Wolfram Computation Meets Knowledge

Wolfram Summer School


Michael Schreiber

Summer School

Class of 2003


Austrian-born Michael received a Master of Business Administration for a thesis entitled, “Matsushita – Corporate Culture and Motivation in Japan”. He was awarded a PhD from Vienna University of Economics and Business Administration (WU) for a dissertation on support systems for university development. He has consulted for various entities and taught Marketing at WU from 1990 to 2001. Throughout his career he made many and various contributions to art events and systems conferences in Europe. For the last number of years he has engaged himself in NKS type research using Mathematica.

Project: Composition of Cellular Automaton Rules

The project report has nine sections: definition of the problem given by Stephen Wolfram and motives for choosing this open problem (1); remarks about the context of the project (2); preliminary findings illustrated by graphs and animations (3, 4, 5); an agenda for further research (6); notes (7); code examples (8); literature (9). The third section animates test results showing that 62 of the 256 elementary cellular automata can be decomposed into one or more combinations of range 1/2 automata, 96 combinations commute, two combinations return their initial conditions. The fourth section positions 2584 commuting substitutes for repeated applications of elementary rules and lists six combinations which return their initial conditions. The fifth section illustrates how the given prototype functions eliminate noise from the background of the three color neighborhood one automaton defined via rule number 6999927 by transforming it into a three color neighborhood four rule.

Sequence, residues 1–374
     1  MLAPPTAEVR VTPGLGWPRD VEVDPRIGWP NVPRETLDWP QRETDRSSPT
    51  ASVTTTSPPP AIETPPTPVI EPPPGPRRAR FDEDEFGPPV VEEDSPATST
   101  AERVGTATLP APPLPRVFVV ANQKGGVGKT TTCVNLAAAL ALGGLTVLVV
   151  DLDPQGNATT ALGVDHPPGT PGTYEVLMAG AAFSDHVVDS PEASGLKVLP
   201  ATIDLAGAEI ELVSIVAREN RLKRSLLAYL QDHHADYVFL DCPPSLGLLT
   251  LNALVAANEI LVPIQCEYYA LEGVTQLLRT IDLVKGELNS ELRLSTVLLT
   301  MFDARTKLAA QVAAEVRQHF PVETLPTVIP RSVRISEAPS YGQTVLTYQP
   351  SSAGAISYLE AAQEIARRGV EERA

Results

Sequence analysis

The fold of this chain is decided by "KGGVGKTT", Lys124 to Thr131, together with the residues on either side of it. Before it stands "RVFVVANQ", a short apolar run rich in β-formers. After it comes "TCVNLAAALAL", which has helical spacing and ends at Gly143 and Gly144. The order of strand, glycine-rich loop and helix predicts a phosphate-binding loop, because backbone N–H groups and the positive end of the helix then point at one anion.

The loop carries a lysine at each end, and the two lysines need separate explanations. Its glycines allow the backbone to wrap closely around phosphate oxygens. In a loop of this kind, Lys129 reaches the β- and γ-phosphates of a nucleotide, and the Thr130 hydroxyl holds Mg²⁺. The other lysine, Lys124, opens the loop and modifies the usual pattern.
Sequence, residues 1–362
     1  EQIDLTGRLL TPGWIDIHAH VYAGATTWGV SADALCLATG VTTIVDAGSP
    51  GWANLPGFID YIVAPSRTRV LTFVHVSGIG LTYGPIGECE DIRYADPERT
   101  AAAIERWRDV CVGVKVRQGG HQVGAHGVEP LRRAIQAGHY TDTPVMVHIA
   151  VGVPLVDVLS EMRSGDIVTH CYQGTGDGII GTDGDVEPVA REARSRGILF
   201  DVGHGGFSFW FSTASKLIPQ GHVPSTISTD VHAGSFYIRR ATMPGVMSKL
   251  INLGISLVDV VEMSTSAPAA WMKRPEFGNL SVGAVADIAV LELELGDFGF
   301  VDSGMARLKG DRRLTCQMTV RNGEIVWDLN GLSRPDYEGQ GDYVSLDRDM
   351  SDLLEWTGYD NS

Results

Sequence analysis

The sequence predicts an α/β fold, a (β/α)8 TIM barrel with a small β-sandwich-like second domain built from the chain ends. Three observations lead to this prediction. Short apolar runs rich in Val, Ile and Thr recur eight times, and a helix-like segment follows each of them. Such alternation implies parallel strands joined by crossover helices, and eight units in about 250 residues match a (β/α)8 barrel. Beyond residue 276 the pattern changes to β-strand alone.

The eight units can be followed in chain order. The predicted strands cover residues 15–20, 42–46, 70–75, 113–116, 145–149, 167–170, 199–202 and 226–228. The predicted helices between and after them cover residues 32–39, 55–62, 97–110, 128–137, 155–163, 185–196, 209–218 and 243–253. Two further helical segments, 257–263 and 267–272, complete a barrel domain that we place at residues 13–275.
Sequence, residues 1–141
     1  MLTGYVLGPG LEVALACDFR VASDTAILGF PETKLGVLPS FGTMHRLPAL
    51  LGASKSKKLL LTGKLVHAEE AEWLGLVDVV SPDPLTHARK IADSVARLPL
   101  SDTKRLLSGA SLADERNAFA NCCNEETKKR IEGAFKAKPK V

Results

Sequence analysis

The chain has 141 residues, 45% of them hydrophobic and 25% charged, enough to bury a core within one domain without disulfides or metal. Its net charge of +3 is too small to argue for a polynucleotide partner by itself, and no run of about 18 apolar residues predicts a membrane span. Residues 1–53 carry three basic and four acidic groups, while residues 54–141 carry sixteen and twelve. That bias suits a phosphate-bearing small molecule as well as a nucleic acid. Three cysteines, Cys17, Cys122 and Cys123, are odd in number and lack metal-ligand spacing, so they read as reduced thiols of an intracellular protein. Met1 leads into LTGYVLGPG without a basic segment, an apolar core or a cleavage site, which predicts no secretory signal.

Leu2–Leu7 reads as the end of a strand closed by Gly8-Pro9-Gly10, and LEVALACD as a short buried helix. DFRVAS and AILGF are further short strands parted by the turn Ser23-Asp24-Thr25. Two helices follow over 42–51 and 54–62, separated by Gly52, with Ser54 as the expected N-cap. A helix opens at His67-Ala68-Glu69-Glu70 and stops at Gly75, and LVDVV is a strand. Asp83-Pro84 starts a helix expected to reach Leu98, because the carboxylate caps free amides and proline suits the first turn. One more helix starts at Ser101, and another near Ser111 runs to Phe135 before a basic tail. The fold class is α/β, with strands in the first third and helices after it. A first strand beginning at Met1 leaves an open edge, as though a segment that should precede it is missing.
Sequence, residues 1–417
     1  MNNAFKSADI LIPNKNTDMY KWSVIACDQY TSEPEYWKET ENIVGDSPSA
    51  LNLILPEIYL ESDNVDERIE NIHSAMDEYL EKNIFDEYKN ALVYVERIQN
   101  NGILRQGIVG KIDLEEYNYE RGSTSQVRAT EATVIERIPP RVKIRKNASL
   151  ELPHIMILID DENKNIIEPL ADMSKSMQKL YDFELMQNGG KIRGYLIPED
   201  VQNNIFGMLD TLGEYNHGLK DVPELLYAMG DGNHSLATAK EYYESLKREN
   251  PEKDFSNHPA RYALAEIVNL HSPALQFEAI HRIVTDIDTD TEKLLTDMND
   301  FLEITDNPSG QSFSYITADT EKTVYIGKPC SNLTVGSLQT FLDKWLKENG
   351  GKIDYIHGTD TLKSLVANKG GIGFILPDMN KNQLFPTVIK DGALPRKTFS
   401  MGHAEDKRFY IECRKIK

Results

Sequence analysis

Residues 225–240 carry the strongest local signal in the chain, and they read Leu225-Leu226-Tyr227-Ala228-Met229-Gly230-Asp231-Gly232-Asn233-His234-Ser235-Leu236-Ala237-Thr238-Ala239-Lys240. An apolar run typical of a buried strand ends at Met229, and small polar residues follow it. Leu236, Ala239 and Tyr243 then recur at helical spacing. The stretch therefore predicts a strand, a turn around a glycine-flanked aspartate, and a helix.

Favorite Three-Color Cellular Automaton

Rule Chosen: 5904187984162

Reason: 5904187984162 was selected among other results of the random search because it features: uneven growth rates of left wing and right wing, obvious signs of class 4 behaviour (selective information transmission), and looks neither nested (class 2) nor purely random (class 3).

Additional Information

Schreiber, M. “Computational Equivalence: Spencer-Brown Form 110.” Presentation at NKS 2004, Boston, MA, 2004. [abstract] [materials]